The main differences between self-publishing and traditional publishing is who makes the investment of money, who controls the content and speed to market. In both cases, authors earn royalties, but traditional publishers have the ultimate say what the final content is and how soon it is made available for readers. Self-publishing requires the author to make the financial investment, but the author is in control of the content and speed to market decisions. Also, in most cases, the author can earn a higher royalty percentage when they self-publish.

What are the services most used? Is it more publishing services or for dissemination?

The services most authors use are book and cover design for both print and e-book. And we make sure those books are available in distribution. Books used to be a planned purchase, but with online purchasing and digital books, books are now a spontaneous purchase. So authors don’t have to make a decision about what distribution or formats they want. We make sure their books are available for readers anywhere and in any format they want to read.

Beyond those services, a number of authors also purchase editing services to make sure their book is as good as it can be.

Marketing services are not as significant for Indian authors because it is a bit more difficult to cover the market with one service.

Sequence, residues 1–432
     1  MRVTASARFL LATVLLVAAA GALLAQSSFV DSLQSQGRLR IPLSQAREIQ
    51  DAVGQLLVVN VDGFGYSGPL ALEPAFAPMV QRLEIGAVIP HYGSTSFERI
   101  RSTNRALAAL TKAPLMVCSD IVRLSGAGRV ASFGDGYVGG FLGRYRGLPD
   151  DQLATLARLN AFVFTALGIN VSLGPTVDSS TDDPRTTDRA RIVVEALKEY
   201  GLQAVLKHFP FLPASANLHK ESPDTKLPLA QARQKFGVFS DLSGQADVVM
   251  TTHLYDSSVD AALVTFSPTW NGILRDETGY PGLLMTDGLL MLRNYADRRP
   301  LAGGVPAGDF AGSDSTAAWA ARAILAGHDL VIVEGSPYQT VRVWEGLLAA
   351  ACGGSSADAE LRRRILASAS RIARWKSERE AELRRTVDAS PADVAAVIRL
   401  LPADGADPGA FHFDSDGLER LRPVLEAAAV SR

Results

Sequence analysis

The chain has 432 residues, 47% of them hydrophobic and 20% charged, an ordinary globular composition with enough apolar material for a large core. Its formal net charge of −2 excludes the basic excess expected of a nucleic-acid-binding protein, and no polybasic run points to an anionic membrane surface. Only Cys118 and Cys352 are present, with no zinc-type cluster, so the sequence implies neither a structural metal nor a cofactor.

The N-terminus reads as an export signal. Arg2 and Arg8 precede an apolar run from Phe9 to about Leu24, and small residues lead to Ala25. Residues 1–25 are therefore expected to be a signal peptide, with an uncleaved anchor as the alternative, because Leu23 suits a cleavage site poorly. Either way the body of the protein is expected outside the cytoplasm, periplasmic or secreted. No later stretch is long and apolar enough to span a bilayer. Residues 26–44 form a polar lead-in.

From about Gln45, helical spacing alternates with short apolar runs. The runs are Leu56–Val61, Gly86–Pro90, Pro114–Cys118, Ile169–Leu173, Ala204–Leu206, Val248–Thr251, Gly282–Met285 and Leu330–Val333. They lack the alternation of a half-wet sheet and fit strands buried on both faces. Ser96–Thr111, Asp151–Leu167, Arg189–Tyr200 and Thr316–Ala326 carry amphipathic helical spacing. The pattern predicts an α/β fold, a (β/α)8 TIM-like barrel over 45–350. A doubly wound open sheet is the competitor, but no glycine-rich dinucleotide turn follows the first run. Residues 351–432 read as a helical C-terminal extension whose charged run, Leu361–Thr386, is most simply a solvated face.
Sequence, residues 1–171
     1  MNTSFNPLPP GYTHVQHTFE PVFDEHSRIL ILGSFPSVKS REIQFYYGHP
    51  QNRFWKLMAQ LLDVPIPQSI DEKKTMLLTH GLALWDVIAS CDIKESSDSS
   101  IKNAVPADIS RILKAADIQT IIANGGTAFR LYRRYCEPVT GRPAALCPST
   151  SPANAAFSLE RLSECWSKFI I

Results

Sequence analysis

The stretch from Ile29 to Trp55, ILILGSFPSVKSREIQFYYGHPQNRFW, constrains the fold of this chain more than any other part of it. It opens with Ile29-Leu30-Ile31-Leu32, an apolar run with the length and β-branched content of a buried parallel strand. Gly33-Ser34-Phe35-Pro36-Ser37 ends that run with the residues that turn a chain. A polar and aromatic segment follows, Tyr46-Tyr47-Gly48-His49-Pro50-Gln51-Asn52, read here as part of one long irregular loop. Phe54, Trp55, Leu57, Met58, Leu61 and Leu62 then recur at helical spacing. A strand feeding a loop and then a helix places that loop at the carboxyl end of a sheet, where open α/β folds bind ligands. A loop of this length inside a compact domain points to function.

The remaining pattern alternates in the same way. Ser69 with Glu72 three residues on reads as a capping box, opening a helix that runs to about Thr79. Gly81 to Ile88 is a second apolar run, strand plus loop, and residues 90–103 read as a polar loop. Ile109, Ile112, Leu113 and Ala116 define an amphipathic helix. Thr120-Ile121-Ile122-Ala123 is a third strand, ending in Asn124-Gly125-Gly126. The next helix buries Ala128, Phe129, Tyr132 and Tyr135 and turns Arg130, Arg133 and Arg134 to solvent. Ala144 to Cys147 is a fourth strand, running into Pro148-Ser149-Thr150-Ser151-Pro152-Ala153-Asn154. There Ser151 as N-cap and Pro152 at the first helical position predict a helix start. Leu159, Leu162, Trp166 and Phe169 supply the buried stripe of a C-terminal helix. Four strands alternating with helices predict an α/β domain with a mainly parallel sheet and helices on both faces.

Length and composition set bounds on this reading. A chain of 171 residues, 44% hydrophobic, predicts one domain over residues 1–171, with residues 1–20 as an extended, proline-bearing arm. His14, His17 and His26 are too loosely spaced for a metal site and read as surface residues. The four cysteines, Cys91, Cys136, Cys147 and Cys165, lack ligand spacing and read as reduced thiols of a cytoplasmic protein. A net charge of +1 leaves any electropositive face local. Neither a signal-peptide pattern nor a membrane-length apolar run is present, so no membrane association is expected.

Why do you think this is the case?

I think design and distribution are the hardest things for authors to do well so we make them available in a very easy way. And if your book is not designed well or available in all formats, you have very little opportunity readers will find it.

You mentioned about how self published books get picked up by publishers for traditional publishing. Could you tell us a bit more about how this happens and why? Please share a specific case study.

There are two primary ways books get found by traditional publishers. First, many traditional publishers operate self-publishing platform. That gives them early visibility into books that are getting early sales momentum. A second way self-published books get discovered is by agents or editors watching lists on Amazon. If they see a book climbing, they will reach out through social media to contact the author.

A great example is the book, The Top 5 Regrets of the Dying, written by Bronnie Ware. Bronnie was a palliative care nurse and began to see themes among the people she was working with near the end of their lives. From that experience she wrote a book. However, she lived outside of any major city in Australia and had no hope of finding an agent or publisher so she self-published with Balboa Press, which is a division of Hay House, a traditional publisher. Her local paper wrote a story. Then The Guardian in the UK picked it up and then it spread like wild on Facebook. Within a month Hay House picked up her book and now it has been translated in 27 languages. Had it not been for self-publishing, Bronnie would have never been published and Hay House would have never seen the book and the world would not have been enriched by her writing.

With the role of publishers changing to become more for dissemination and visibility rather than for editorial and production, what impact would this have on the self-publishing landscape?